BACKGROUND

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Background

This is a brief summary of Community R4C’s efforts to expose the scandal of the contract between Gloucestershire County Council and Urbaser Balfour Beatty for a waste incinerator at Javelin Park, Haresfield (at well over £600m, the biggest contract that GCC has ever entered into). It is a very complex case, shrouded in secrecy and lack of transparency.

The story goes back 10 years, when GCC started a procurement process for a solution to Gloucestershire’s residual waste. Despite massive local opposition, a contract with the preferred bidder was signed in February 2013, less than 4 weeks before the planning application was actually turned down by the council’s own Planning Committee. The Secretary of State called in the matter, there was a Planning Inquiry, and the Secretary of State overturned the decision of the Planning Committee in January 2015. Following a subsequent, failed legal challenge from Stroud District Council, planning was finally obtained in July 2015.

Community R4C was established in July 2015 with the aim to provide an environmentally and financially sustainable alternative to the incinerator. Despite very good progress, our efforts were undermined by the anti-competitive and appalling nature of the contract between GCC and UBB.

In early 2015, local campaigners put in a Freedom of Information request for the 2013 contract between GCC and UBB. GCC resisted and obstructed at every turn, appealing a ruling by the Information Commissioner’s Office that the information was in the public interest and should be released, and finally losing their appeal against this ruling at the First Tier Information tribunal in March 2017, when the contract was finally released.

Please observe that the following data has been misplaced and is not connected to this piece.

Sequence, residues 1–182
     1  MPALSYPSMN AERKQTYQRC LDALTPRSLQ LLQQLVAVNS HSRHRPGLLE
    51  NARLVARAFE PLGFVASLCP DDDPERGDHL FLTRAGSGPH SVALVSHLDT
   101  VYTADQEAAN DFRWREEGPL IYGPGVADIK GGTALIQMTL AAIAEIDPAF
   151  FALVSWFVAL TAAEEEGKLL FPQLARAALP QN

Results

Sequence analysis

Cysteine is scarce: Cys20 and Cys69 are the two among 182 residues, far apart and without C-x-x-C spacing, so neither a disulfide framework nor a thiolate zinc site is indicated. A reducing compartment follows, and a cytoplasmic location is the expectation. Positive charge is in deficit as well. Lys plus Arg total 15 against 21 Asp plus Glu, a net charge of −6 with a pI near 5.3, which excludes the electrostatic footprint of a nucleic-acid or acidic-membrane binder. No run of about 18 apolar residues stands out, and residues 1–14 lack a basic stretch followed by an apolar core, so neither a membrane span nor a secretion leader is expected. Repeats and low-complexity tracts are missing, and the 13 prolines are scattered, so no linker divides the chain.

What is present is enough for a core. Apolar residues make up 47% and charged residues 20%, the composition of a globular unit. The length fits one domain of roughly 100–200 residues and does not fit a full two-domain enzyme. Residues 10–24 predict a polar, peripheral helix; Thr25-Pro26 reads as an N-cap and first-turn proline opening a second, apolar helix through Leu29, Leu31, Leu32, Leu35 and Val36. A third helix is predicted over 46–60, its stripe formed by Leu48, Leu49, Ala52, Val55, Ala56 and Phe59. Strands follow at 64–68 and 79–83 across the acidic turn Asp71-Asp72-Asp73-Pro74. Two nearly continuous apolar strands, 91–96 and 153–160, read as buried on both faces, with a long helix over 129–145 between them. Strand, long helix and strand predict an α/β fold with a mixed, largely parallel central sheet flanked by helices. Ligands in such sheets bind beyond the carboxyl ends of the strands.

The Contract revealed that GCC had negotiated a very poor deal (a good one for UBB). This included a huge compensation clause for exiting the contract, a very high price per tonne for the first 108,000 tonnes per annum of waste sent to the plant by GCC, combined with a very low price for subsequent waste undermining recycling, and a low price for commercial waste. Community R4C undertook an in-depth analysis and submitted formal complaints in April 2015 to the Competition and Markets Authority (who have responded that the complaint remains on their books, but is not high enough priority for them to assign resources to investigate), and on value-for-money grounds to the council’s external auditor, Grant Thornton (which is still not resolved, so that GCC’s accounts have still not been fully signed off).

It soon became clear that, because of the planning delay, the original contract was renegotiated and a new, second contract agreed. Campaigners went through the whole Freedom of Information process again, the ICO once again ruled disclosure, GCC once again appealed, a tribunal date was set for January 2019. Then on 20th December, with the prospect of losing that tribunal, GCC finally released the pertinent information. It showed that:

By renegotiating in secret without re-tendering, GCC broke procurement law
The contract price has increased by 30% in less than 3 years – by a staggering £150m
The award of the contract without competitive tendering breaks State Aid rules and, if proven, UBB would be required to pay a substantial part of the £150m back to GCC.
The Council will pay £189 per tonne for the first 108,000 tonnes of waste per annum, whilst commercial companies will only pay £62 a tonne.
The tiered pricing mechanism in the contract by which subsequent waste beyond the first 108,000tpa is charged at £16 per tonne, encourages the increase of ‘residual’ waste’ for burning and discourages recycling. 
Councillors and the public have been misled about the contract details and price and the ability of councillors and oversight committees to operate effectively has been seriously and improperly compromised.